Unlike the first game, there was a lot to like in this Warriors win. Let me start with what I liked the most: Keith Smart, the Warriors’ coach. This single game instilled a lot of confidence in me that Keith Smart gets it — that he has absorbed a lot of the lessons that he learned under Don Nelson, that he understands what he has in his roster, and that he knows how to get the most out of it. My concern that he might be one of the many coaches who insist on pounding square pegs into round holes is all but gone.
So what did I see that suddenly filled me with confidence? Let’s go down the list:
I am a firm believer that there is nothing wrong with an ugly win. That belief was tested a bit in this game, in which I was unable to discern many signs of cohesive team play on either side of the ball. In my eyes, this game was won by the extraordinary individual efforts of a few very talented Warriors players. I think you know who. But it was a win.
Winning in fantasy basketball is not just a matter of lucking into one of the top two picks in the draft, although that certainly helps. And its not just a matter of sticking to the discipline of the published draft rankings, rather than drafting your favorite players, although that certainly helps too. A large part of winning fantasy leagues involves doing your own scouting and independent thinking to find value where no one else — not even the fantasy experts — expect to find it. In other words, it involves finding and scooping up “sleepers” — players that for different reasons are greatly undervalued heading into the season.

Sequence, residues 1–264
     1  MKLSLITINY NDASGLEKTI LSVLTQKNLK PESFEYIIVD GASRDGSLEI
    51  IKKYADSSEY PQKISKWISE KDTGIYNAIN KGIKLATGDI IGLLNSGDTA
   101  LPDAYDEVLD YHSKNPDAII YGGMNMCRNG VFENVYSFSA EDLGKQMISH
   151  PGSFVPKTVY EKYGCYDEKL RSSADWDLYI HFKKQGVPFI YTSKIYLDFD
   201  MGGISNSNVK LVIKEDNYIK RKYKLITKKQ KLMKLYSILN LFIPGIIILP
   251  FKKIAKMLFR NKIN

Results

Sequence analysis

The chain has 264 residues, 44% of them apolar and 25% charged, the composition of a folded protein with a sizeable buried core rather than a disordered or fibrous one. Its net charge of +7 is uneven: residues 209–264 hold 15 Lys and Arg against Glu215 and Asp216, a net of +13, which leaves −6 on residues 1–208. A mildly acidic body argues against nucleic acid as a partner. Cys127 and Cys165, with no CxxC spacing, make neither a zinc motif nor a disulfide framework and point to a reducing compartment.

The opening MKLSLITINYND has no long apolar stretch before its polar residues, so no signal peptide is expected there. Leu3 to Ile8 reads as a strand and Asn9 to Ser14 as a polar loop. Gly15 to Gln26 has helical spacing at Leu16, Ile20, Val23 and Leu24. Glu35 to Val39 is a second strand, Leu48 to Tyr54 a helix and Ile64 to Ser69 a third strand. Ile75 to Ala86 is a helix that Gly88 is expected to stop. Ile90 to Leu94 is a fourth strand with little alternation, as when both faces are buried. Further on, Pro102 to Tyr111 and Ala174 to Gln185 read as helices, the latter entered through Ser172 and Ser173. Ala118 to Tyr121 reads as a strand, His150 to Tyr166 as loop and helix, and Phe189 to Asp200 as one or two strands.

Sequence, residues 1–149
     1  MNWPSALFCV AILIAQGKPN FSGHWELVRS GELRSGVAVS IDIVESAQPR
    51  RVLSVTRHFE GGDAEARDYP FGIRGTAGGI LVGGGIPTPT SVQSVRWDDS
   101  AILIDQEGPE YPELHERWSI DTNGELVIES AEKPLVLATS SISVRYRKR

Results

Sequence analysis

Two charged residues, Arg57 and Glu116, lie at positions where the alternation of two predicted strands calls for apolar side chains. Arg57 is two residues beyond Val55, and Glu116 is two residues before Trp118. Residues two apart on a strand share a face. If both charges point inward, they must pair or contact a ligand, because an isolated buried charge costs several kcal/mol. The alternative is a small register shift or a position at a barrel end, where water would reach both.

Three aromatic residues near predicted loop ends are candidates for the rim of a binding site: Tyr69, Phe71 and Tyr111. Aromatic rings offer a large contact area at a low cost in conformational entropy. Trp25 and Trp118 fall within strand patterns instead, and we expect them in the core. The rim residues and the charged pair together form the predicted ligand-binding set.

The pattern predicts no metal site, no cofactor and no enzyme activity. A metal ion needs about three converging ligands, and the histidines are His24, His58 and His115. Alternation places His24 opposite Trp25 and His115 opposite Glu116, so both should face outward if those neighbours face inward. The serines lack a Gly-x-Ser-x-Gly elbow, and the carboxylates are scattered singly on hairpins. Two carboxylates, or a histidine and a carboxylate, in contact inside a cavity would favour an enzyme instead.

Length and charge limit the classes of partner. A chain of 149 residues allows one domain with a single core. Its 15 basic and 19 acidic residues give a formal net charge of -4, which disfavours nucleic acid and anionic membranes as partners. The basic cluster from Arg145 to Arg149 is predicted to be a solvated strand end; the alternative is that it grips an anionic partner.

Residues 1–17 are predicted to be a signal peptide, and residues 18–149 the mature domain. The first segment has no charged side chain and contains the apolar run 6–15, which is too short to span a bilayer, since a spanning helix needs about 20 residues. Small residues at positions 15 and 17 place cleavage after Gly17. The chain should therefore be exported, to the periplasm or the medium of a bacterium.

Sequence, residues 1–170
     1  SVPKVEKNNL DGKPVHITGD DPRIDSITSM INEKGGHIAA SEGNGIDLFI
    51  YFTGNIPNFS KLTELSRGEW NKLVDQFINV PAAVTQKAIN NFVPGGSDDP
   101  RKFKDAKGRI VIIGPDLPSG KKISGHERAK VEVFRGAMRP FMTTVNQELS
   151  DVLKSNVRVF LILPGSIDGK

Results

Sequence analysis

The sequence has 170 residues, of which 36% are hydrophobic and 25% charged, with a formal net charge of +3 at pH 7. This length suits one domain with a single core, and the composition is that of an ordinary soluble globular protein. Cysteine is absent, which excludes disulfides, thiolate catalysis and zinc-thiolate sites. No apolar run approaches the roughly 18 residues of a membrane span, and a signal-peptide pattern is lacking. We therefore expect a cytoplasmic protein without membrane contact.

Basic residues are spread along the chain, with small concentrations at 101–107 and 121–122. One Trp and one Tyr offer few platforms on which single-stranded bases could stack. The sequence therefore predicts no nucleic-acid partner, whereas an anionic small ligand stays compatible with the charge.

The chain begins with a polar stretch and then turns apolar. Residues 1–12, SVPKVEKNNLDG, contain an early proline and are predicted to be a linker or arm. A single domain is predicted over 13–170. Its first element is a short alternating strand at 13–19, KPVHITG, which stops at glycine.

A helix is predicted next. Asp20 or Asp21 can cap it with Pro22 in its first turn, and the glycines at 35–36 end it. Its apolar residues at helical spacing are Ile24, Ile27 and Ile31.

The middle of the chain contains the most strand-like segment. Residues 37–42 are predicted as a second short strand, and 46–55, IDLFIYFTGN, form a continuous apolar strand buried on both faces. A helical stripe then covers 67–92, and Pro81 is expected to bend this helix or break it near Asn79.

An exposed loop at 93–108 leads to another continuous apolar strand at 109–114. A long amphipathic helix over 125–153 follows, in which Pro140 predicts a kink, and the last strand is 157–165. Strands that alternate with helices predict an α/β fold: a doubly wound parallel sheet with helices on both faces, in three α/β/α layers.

As I prepared for my second and final expert league fantasy basketball draft to be held later today, I realized that I had in mind a whole list of sleeper candidates that fantasy basketball enthusiasts might be interested in reading about. So, at the risk of boring the pants off my regular readership, here it is:
For any fantasy freaks out there who might be interested: I drafted my first fantasy basketball team of the year earlier tonight. It’s a CBS Sports Platinum league that costs $100 bucks to enter, and pays $600 for first. So I guess this is my first NBA bet of the year. There will be more.
Doesn’t look like I’m going to be able to post on the Lee trade until after the tournament; apologies to those who have been checking back for it. I just have too much to do on my days off here: friends to catch up with, summer league games to catch. And of course, the matter of returning my focus to where it’s needed most. Several posts on the Warriors moves are coming soon, though, I promise. I have too much to say to dog it. Continue reading